Google reportedly wants to sell wireless service through Sprint, T-Mobile

The move could be the next step in Google's ever-widening ambitions to conquer the mobile world.

Richard Nieva Former senior reporter
Richard Nieva was a senior reporter for CNET News, focusing on Google and Yahoo. He previously worked for PandoDaily and Fortune Magazine, and his writing has appeared in The New York Times, on CNNMoney.com and on CJR.org.
Richard Nieva
2 min read

Google reportedly wants to experiment with low-cost mobile plans. Getty Images

Google makes the software running on most smartphones, and now may also want to manage your mobile data and voice calls.

The world's largest online search company is getting ready to sell mobile plans that will run on Sprint and T-Mobile's cellular networks, according to The Information. The project, codenamed "Nova," would involve Google paying those carriers for access to their networks. The initiative, which is being led by Google executive Nick Fox, isn't expected to launch this year.

The move underscores Google's increasingly complicated relationship with the telecommunications industry as both partner and competitor. Google's Android operating system powers more than 80 percent of the world's smartphones, but carriers often act as the gatekeeper for where a person buys a device. The initiative, according to the Information, is meant to drive down prices and to try to improve the experience for customers.

Google, Sprint and T-Mobile declined to comment.

Google has embarked on a number of wireless connectivity projects, as it aims to bring more people online so it can expand its user base. The company has developed its own fiber-optic network, called Google Fiber, to deliver revved-up broadband access to customers.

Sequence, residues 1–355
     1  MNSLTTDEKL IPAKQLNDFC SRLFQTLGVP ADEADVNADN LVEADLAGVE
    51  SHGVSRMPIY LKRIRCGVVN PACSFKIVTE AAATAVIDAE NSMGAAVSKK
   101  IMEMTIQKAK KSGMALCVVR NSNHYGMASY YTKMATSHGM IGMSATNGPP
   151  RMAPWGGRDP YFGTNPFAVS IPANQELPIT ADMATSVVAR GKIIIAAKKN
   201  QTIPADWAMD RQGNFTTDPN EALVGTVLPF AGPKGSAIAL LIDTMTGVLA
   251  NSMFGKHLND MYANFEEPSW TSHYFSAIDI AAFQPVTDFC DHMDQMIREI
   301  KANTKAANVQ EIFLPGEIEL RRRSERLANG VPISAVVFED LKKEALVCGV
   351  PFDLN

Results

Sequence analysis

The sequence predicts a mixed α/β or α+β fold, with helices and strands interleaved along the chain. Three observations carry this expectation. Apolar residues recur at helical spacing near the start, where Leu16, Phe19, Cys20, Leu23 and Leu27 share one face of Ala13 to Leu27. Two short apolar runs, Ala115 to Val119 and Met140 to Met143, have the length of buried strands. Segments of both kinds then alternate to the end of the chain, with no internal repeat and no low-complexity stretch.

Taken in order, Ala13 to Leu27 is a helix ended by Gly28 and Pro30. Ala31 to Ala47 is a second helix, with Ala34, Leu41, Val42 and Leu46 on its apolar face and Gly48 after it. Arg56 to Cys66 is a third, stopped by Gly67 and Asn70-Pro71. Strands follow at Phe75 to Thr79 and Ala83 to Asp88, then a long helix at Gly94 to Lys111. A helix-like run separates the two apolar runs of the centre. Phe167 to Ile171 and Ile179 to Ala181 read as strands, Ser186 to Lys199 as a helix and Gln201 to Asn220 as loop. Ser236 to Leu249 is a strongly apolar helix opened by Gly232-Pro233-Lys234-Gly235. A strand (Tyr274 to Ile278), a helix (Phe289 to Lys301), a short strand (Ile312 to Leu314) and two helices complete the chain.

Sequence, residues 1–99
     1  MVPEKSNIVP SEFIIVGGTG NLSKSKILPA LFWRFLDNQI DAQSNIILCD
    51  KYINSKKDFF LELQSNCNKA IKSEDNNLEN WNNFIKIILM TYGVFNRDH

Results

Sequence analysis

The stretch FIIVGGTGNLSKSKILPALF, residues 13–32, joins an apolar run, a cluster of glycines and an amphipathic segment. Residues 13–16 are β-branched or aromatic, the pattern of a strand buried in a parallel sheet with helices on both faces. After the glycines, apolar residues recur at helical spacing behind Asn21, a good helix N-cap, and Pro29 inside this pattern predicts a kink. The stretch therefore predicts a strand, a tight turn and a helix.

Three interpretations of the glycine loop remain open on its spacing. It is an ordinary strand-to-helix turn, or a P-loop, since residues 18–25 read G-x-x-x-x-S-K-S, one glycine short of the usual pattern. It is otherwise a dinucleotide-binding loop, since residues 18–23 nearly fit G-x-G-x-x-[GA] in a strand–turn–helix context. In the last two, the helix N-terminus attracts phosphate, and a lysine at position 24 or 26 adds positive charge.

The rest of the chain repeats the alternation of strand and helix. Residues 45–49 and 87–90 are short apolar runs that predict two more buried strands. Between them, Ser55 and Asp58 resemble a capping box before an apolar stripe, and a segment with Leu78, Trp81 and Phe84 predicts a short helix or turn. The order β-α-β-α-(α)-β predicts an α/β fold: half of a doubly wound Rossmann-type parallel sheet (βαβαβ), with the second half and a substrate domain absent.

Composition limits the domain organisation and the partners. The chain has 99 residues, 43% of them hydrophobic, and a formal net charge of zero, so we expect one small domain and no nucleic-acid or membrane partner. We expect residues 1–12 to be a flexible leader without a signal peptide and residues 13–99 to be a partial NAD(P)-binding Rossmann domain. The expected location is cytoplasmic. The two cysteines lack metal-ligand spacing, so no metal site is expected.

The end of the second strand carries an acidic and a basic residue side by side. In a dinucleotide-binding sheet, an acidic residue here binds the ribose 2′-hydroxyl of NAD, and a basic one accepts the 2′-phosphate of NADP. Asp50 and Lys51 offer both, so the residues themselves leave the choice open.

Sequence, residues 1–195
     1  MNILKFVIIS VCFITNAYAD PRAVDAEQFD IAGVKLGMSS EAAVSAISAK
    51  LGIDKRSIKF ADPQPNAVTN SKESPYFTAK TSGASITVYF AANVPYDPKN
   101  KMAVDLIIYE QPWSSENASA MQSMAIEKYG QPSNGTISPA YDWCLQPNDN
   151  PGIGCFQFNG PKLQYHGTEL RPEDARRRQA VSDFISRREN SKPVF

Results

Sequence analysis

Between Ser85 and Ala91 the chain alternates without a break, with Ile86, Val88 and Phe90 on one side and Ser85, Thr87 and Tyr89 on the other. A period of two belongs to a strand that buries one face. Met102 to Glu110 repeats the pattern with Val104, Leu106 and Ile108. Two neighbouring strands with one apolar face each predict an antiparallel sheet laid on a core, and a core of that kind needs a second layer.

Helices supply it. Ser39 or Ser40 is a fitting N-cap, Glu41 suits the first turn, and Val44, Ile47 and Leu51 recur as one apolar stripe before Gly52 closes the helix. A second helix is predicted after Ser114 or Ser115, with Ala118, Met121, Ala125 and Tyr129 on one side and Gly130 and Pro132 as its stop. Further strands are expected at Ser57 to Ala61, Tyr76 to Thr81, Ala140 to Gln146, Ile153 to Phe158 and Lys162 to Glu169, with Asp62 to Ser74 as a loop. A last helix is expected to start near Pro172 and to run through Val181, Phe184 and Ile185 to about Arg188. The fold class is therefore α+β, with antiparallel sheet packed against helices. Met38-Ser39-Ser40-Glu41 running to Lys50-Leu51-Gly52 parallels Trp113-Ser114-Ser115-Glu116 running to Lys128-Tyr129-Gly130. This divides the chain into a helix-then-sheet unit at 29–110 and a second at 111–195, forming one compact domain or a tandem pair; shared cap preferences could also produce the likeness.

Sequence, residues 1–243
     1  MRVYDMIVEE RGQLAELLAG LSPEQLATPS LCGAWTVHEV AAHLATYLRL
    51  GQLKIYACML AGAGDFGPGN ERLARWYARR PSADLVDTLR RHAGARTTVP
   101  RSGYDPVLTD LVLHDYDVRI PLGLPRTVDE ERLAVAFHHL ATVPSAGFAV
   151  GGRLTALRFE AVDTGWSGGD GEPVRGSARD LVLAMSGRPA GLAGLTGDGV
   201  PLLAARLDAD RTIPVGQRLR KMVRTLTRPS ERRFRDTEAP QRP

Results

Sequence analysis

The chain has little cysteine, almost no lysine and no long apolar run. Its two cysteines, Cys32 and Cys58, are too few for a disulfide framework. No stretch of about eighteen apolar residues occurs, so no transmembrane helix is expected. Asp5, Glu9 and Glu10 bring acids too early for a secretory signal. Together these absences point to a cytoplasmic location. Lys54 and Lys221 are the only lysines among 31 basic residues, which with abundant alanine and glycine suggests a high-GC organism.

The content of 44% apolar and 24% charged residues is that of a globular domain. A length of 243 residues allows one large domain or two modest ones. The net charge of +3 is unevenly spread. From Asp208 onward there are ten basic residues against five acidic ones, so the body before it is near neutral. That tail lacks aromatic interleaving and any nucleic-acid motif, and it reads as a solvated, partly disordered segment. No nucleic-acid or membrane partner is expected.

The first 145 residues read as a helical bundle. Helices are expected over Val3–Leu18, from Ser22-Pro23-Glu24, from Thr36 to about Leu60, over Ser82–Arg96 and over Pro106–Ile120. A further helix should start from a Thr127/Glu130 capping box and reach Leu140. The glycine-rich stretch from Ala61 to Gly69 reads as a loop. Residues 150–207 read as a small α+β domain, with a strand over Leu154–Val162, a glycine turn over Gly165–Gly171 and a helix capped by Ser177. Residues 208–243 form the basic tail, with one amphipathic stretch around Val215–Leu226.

The tech giant has also created Wi-Fi-beaming balloons that would spread Internet access across the globe to underserved regions. The company is also experimenting with satellites for that reason. On Tuesday, the company said it's taking part in a $1 billion investment, along with Fidelity, in the rocket company SpaceX. Some think the funding is a play by Google to beef up its satellite efforts.

The wireless network project would make Google a so-called mobile virtual network operator, which means that it doesn't own the infrastructure over which it offers services. Google would pay Sprint and T-Mobile for capacity over their networks, which in turn would be sold directly to consumers. Other companies competing in that market are TracFone and FreedomPop.

While Google would be selling its own mobile plans, it's unlikely that the project is a play to undercut the wireless networks. Those networks have marketing might and retail stores to attract customers and showcase plans, while Google expects to sell its plans through a Web store.

Instead of elbowing out the carriers, Google seems to be more interested in a larger attempt to shake up the industry and compel it to make changes that could benefit the company. For example, Google makes all but a sliver of its revenue from its juggernaut advertising business. Experimenting with low-cost plans could mean more people using more data -- which gives Google more opportunities to show advertising to consumers.

It's the kind of logic that drove Google to create the Android operating system in the first place. Offering wireless service paired with an Android device represents a logical next step.